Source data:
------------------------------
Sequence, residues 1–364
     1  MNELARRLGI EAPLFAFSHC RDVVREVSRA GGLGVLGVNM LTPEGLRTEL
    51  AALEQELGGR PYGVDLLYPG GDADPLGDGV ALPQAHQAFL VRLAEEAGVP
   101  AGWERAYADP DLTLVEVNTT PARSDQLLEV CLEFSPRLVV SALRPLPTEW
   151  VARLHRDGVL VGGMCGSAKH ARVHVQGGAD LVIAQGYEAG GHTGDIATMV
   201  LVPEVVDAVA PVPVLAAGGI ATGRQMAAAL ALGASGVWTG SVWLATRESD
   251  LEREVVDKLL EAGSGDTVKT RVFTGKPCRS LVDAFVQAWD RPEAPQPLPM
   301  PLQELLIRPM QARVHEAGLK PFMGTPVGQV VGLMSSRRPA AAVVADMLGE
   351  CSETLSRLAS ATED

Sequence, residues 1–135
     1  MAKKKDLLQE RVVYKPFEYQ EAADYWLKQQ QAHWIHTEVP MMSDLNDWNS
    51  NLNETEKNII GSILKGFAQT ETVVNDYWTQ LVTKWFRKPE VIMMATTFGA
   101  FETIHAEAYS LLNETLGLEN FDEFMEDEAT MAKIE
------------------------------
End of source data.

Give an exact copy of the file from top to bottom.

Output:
Sequence, residues 1–364
     1  MNELARRLGI EAPLFAFSHC RDVVREVSRA GGLGVLGVNM LTPEGLRTEL
    51  AALEQELGGR PYGVDLLYPG GDADPLGDGV ALPQAHQAFL VRLAEEAGVP
   101  AGWERAYADP DLTLVEVNTT PARSDQLLEV CLEFSPRLVV SALRPLPTEW
   151  VARLHRDGVL VGGMCGSAKH ARVHVQGGAD LVIAQGYEAG GHTGDIATMV
   201  LVPEVVDAVA PVPVLAAGGI ATGRQMAAAL ALGASGVWTG SVWLATRESD
   251  LEREVVDKLL EAGSGDTVKT RVFTGKPCRS LVDAFVQAWD RPEAPQPLPM
   301  PLQELLIRPM QARVHEAGLK PFMGTPVGQV VGLMSSRRPA AAVVADMLGE
   351  CSETLSRLAS ATED

Sequence, residues 1–135
     1  MAKKKDLLQE RVVYKPFEYQ EAADYWLKQQ QAHWIHTEVP MMSDLNDWNS
    51  NLNETEKNII GSILKGFAQT ETVVNDYWTQ LVTKWFRKPE VIMMATTFGA
   101  FETIHAEAYS LLNETLGLEN FDEFMEDEAT MAKIE